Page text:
We keep hearing about a change of perception in the A's camp: how they're viewed from the outside and how they view themselves, as if a radically new season has arrived and they won't be surprising anyone this time. Is that really the case?
Checking some of the early forecasts for the American League West, it sounds as if an Oakland division title would be just as shocking as last year's. They're still the low-budget team in green and gold, hopeful of drawing 10,000 fans on any given night at the Coliseum ghost town. They still don't field a single position player with a glowing major-league track record, and Yoenis Céspedes represents their only player with superstar potential. They have a frightfully young pitching staff - not much change there - and their overall talent level is judged to be significantly inferior to that of the Angels and Rangers.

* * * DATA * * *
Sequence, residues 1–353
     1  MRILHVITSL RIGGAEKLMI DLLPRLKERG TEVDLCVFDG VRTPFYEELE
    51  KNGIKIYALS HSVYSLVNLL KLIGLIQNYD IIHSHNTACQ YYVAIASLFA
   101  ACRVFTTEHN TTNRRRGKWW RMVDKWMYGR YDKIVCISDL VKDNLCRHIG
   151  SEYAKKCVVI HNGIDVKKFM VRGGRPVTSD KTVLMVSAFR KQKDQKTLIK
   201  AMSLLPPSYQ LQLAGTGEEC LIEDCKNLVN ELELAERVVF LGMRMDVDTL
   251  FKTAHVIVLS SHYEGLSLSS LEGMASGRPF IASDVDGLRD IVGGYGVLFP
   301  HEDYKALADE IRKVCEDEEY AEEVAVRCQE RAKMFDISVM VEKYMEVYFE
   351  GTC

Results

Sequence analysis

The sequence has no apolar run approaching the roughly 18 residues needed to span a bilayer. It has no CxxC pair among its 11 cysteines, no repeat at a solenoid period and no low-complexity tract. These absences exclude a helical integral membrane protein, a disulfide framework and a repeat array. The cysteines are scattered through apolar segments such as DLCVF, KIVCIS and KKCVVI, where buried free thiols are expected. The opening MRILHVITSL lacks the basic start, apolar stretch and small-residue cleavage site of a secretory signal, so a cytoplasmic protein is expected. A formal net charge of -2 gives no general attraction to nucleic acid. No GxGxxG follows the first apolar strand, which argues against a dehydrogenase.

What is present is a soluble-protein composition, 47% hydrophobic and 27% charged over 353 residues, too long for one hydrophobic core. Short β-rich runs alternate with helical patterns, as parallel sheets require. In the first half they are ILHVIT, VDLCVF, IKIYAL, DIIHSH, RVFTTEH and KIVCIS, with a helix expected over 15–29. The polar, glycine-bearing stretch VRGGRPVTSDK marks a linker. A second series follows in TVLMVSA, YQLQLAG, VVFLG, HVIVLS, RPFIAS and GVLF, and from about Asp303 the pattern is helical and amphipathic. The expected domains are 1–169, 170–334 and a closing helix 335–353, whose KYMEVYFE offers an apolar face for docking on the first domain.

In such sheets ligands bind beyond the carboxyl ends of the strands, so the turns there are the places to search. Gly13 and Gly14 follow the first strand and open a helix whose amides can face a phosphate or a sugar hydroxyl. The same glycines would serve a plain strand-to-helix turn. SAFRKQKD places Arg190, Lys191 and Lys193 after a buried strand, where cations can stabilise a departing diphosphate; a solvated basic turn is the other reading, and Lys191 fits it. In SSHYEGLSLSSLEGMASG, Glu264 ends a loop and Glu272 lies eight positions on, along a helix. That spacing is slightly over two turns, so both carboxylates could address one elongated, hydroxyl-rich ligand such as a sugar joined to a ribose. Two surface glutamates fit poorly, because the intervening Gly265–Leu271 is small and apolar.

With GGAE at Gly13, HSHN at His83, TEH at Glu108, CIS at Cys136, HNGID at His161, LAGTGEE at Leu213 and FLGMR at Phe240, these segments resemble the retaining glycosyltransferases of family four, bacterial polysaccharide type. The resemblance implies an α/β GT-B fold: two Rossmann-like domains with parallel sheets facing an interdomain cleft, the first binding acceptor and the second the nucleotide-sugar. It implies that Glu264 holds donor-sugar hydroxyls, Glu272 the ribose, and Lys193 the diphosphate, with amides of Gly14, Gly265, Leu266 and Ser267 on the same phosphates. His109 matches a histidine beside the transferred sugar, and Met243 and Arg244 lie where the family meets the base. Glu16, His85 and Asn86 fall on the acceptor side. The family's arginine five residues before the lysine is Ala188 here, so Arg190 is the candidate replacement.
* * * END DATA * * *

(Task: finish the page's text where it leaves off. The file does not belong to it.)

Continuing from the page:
What's really changed in this division, I'd surmise, is the mood.
The A's know they're good. They have a very deep roster, a tension-free camp and a sense that last year's admirable team spirit is very much intact. Let's set aside the still-lowly Seattle Mariners and try to forget that the dreadful Houston Astros have somehow wandered into the American League. The big boys, for reasons having nothing to do with Oakland, are decidedly nervous.